It’s 12 noon, 15 minutes left to 6th period math class. Mr. Butner, my eighth grade sequential one math teacher has been droning on for 83 minutes about quadratic equations. I look around the room and observe my fellow classmates, staring off into space and doodling in their notebooks. Then I realize it’s time for me to get out of class to do my 12:00 dose of Vexol. I guess that’s what’s called a bitter irony.
Discovering my disease was a fluke. When I was 8, my mom took me to the eye doctor because one of my eyes looked like I was having an allergic reaction. After examining my eyes, the doctor actually found iritis in my other eye. The redness and itchiness had nothing to do with my disease, although ultimately I was diagnosed in both eyes. It was like someone had sent us a sign that something was wrong. If it was wasn’t for my mom and her “over-protectiveness” I would have begun to lose my vision. Thus started a long journey of doctors’ offices and prednisone eyedrops and dilating drops and monthly visits (and more) to the eye doctor.
I’ve seen so many eye doctors with so many opinions on what should be done about my iritis/uveitis in the past few years. It’s getting to the point where if I have to listen to my mom tell one more doctor my medical history, I’m going to become physically sick. Up until recently, I never felt that my disease was really impacting my life. So I had to do nine eye drops a day. I guess I got used to it. My mom and I would be driving home from an appointment after more cells were discovered and she would ask me, “Emily, how come you aren’t affected by this?” I would say that all it meant was another drop every day. It didn’t affect my daily life. But now I am fourteen, and my disease has definitely had an impact on my life. Last year when my eyes were being examined at a monthly appointment, my eye pressure had suddenly increased. I was given glaucoma drops, and everything has changed.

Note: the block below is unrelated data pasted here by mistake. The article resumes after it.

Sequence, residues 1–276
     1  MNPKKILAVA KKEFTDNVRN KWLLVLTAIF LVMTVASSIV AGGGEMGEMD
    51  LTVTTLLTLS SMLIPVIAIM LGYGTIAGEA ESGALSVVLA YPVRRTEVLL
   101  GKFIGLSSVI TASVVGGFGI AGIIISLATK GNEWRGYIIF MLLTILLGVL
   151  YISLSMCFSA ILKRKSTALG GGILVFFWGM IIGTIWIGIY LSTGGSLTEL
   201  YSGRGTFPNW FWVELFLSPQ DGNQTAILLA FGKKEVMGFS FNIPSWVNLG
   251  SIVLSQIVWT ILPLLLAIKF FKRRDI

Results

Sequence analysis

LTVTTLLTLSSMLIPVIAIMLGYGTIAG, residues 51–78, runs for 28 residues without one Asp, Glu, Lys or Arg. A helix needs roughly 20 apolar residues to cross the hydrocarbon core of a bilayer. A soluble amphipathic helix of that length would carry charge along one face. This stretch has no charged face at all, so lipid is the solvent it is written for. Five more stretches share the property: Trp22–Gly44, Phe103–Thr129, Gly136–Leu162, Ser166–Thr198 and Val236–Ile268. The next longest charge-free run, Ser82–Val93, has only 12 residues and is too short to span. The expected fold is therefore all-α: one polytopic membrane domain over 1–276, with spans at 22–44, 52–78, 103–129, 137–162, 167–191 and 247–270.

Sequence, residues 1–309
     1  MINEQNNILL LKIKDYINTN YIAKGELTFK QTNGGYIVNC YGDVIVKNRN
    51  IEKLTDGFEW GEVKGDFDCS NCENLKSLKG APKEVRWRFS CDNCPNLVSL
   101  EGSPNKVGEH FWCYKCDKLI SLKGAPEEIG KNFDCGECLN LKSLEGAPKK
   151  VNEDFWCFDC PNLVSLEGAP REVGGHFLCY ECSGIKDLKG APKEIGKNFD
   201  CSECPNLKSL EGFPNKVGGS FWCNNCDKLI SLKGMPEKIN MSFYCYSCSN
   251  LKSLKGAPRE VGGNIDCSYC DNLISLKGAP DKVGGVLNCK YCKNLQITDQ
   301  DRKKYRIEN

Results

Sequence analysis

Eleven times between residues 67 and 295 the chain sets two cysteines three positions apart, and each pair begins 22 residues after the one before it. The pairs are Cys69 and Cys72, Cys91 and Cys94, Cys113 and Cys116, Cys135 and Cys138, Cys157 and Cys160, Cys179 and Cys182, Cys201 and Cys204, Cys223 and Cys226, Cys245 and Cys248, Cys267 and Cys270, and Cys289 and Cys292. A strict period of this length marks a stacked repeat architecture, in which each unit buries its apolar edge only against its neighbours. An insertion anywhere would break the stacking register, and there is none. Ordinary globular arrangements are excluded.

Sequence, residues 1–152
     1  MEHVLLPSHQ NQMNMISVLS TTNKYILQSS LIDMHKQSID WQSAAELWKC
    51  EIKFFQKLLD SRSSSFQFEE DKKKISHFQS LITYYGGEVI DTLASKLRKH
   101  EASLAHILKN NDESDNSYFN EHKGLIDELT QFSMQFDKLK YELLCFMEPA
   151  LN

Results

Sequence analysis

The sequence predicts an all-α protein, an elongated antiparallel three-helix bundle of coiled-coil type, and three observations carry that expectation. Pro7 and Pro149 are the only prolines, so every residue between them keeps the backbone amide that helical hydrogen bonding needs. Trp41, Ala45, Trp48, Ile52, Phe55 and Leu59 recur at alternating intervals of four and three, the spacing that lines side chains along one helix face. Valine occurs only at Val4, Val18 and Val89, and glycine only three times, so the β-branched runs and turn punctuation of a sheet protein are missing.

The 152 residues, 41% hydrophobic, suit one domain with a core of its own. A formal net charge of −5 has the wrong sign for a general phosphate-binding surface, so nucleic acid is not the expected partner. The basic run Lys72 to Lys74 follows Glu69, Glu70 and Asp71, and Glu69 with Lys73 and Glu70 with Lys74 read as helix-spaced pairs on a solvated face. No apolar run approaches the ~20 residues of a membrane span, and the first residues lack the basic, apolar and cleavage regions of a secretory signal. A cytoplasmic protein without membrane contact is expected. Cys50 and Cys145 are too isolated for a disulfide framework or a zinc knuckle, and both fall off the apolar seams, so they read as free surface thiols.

Now I’m on a drug to deal with this new problem because everything has changed. It’s called methotrexate. Methotrexate. It’s such a scary name for a drug that every ophthalmologist I’ve spoken to describes as a miracle drug. Why can’t they name it something else? Like, oh maybe, “Trixie?” Then on Sundays at 10:00 a.m. after breakfast I could say to my mom, “I’m taking my Trixie now!” Or at least something a little more kid-friendly. After all, there are a lot of kids, including me, who are depending on this drug to keep their eyes “quiet.”
To be perfectly honest, I’m not exactly sure how I feel about my disease. Some days I’m scared; some days I feel like going a little bit crazy and screaming and punching a pillow; some days I feel adrift and not totally connected to my situation. But on some rare days I feel strong and determined to beat this disease. I know I’ll do whatever it takes.
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Uveitis and Steroid-Sparing Therapy
Presented by C. Stephen Foster, MD, FACS, FACR
Audio-Digest Ophthalmology Volume 56, Issue 15
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